Similarly, perhaps me, you also wished to reread your favorite books, listen to your teenage songs and watch movies that ignited your high school fantasies, but you couldn’t.
I guess, at some point, you also shunned junk food, became super regular with your physical fitness regimen, meditated daily, decluttered your room and life, and practiced gratitude but couldn’t turn them into super firm habits.
Perhaps, you blamed it on the scarcity of time and accepted whatever shit seemed urgent. You yearned for solitude, but you only got obstructions and obtrusions.
Now, Covid-19 has compelled me to sit home and follow social distancing. I am living a relatively lonely life. But it has given me the luxury of hindsight, and therefore, I am making a choice that I won’t allow my loneliness to make me sad and depressed, and I would use it as an opportunity to live a full life.
Research by psychologists Bowling, Edelmann, Leaver & Hoekel, demonstrates that loneliness increases the risk of psychological problems, physical impairment, and low life satisfaction.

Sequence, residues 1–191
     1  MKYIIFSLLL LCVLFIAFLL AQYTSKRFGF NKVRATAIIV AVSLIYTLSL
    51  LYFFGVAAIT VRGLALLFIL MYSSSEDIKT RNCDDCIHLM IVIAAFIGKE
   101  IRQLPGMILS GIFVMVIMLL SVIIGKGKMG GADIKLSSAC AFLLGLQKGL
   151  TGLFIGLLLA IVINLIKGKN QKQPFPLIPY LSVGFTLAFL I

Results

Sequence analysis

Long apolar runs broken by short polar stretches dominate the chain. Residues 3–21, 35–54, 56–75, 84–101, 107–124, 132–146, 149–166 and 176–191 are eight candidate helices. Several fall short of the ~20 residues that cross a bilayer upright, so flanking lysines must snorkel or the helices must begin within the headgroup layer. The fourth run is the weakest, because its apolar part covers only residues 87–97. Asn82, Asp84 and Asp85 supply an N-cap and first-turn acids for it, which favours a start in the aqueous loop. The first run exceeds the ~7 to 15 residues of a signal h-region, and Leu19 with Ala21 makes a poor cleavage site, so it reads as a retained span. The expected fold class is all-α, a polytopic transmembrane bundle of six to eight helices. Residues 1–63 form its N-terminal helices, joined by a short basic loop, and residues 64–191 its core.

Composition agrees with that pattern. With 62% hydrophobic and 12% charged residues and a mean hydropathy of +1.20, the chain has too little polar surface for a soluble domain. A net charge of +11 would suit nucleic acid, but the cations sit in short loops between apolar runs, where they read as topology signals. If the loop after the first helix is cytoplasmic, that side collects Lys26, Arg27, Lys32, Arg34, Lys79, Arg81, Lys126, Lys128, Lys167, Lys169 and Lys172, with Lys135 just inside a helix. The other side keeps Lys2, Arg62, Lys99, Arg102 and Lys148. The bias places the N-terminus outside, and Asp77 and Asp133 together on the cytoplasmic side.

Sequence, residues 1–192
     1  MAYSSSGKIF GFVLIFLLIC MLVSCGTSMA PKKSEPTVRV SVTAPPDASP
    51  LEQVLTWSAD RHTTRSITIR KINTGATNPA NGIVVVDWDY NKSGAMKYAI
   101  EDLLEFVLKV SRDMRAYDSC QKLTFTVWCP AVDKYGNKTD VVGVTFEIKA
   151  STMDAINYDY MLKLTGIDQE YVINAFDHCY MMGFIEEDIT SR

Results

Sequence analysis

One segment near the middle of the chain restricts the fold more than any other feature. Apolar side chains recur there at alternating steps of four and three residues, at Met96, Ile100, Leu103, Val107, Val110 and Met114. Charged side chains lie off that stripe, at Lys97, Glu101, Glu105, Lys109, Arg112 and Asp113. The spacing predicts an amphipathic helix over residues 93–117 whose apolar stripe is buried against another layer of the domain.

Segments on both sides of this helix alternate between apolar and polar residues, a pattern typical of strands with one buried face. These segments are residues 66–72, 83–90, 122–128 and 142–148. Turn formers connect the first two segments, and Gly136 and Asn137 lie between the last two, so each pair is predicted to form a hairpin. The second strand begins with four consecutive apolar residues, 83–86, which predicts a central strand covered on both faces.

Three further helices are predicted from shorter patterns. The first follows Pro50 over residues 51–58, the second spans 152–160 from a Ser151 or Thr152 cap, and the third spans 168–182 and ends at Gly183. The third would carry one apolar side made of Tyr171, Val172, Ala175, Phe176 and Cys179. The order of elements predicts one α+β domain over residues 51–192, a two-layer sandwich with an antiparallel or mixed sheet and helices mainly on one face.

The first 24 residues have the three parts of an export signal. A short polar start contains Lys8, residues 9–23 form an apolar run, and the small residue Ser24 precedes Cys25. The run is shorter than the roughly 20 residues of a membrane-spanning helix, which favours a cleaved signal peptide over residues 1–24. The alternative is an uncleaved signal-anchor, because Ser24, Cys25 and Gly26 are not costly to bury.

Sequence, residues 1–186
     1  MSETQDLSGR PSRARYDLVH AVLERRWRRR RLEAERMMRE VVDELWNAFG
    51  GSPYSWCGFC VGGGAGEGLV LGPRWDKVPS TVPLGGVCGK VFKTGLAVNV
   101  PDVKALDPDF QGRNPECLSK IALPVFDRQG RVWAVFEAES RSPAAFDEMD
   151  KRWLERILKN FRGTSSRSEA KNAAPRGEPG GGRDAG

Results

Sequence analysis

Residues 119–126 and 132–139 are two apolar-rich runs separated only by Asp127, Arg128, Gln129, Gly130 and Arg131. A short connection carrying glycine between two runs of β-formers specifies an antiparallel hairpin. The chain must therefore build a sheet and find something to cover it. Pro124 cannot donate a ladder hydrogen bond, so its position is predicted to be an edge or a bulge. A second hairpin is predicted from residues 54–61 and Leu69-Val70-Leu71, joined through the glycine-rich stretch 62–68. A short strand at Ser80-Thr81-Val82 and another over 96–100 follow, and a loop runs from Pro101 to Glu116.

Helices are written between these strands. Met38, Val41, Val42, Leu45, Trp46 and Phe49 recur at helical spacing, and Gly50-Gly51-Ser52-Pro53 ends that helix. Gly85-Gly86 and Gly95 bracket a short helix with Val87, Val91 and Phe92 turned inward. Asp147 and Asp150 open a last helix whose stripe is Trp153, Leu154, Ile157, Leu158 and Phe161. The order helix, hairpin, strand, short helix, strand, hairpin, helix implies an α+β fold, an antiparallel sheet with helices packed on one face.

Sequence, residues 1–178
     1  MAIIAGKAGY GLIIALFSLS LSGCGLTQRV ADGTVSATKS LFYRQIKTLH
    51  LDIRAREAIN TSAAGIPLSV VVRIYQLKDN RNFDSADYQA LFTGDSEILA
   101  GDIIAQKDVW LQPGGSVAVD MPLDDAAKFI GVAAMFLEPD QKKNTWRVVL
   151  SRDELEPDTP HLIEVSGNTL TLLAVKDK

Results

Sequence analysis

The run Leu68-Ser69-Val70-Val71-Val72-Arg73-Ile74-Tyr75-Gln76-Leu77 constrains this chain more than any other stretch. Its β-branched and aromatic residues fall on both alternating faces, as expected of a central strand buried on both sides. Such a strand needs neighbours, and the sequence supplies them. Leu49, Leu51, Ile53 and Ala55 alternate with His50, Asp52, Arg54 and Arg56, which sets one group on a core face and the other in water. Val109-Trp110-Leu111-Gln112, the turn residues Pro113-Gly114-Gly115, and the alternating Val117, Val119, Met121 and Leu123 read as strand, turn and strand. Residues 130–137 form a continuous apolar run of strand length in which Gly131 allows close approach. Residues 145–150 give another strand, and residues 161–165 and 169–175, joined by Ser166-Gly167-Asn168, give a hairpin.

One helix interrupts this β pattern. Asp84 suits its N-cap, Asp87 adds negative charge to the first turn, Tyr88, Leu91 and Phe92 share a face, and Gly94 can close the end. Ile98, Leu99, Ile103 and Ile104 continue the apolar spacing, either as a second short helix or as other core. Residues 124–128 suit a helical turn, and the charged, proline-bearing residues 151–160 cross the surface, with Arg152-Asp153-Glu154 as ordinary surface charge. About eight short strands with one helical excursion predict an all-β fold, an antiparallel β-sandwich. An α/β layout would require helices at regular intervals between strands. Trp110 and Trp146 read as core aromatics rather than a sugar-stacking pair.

Therefore, I have decided not to fall prey to the dangers of isolation but create new plans and turn my loneliness into an opportunity for social strengthening, family bonding, physical fitness and fulfill my spiritual needs.
Self-regulation and changing your habits
The Research by psychologists Bumeister, Gailliot, DeWall, and Oaten says that self-regulation, a muscle, can be built and strengthened by doing something again and again.
However, the type and nature of the exercise would differ from domain to domain, depending on which kind of self-regulation you want to build and strengthen.
But whatever you repeatedly do in any area would improve your self-regulation and help in habit formation.
So you can apply self-regulation to what you need to learn and enjoy — cut down the trans fats of the big cheeseburger which you can’t resist, reduce your alcohol intake, pray regularly, or strengthen your daily fitness routine. Now, you can create nudges and build your self-regulation. So you should not hoard food that you want to get rid of, instead, stockpile tasty and healthy stuff.